The EU countries with the largest FDI in the United States are the United Kingdom, the Netherlands, Germany, and France.

What Will The TTIP Achieve?

In general, transatlantic tariff barriers are currently comparatively low, with an average of 5.2 percent for the EU and 3.5 percent for the US. But, given the magnitude of trade between the EU and the US, duties are said to still impose costs that are not negligible. Therefore, the declared goal of the agreement is to get as close as possible to the removal of all duties on transatlantic trade in industrial and agricultural products, with special treatment of the most sensitive products.

In addition, both sides want to open their services sectors at least as much as they have achieved in other trade agreements to date, also seeking to open their markets in new sectors, such as transport.

A further aim is also to achieve the highest levels of investment liberalization and protection negotiated to date in other trade deals, and to open up access to procurement markets at all levels of government without discrimination. It is pointed out that European companies whose business depends on public procurement represent 25 percent of GDP and 31m jobs.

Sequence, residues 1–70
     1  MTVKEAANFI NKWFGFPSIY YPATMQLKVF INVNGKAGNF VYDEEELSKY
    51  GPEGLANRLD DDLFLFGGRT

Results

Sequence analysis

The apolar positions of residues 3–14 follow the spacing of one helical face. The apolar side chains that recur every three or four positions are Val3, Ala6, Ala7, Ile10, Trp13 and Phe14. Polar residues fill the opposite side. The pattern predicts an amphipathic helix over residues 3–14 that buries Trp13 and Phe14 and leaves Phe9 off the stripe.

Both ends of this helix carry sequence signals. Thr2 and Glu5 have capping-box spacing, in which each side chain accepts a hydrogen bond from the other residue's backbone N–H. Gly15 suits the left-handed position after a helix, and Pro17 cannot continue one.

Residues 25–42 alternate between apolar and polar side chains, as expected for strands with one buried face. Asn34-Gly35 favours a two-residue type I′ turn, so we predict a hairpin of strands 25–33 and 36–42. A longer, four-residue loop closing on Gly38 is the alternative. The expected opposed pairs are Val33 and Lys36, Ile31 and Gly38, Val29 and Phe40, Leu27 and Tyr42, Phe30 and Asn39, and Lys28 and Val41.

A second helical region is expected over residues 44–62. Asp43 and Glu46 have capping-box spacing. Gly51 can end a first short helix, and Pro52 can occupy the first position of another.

However, it is intended that the TTIP will go beyond the removal of tariffs and opening markets on investment, services and public procurement. It will also focus on aligning rules and technical product standards - for example, different safety or environmental standards for cars - which currently form the most important barrier to transatlantic trade. Studies show that the additional cost burden due to such regulatory differences is equivalent to a tariff of more than 10 percent, and even 20 percent for some sectors.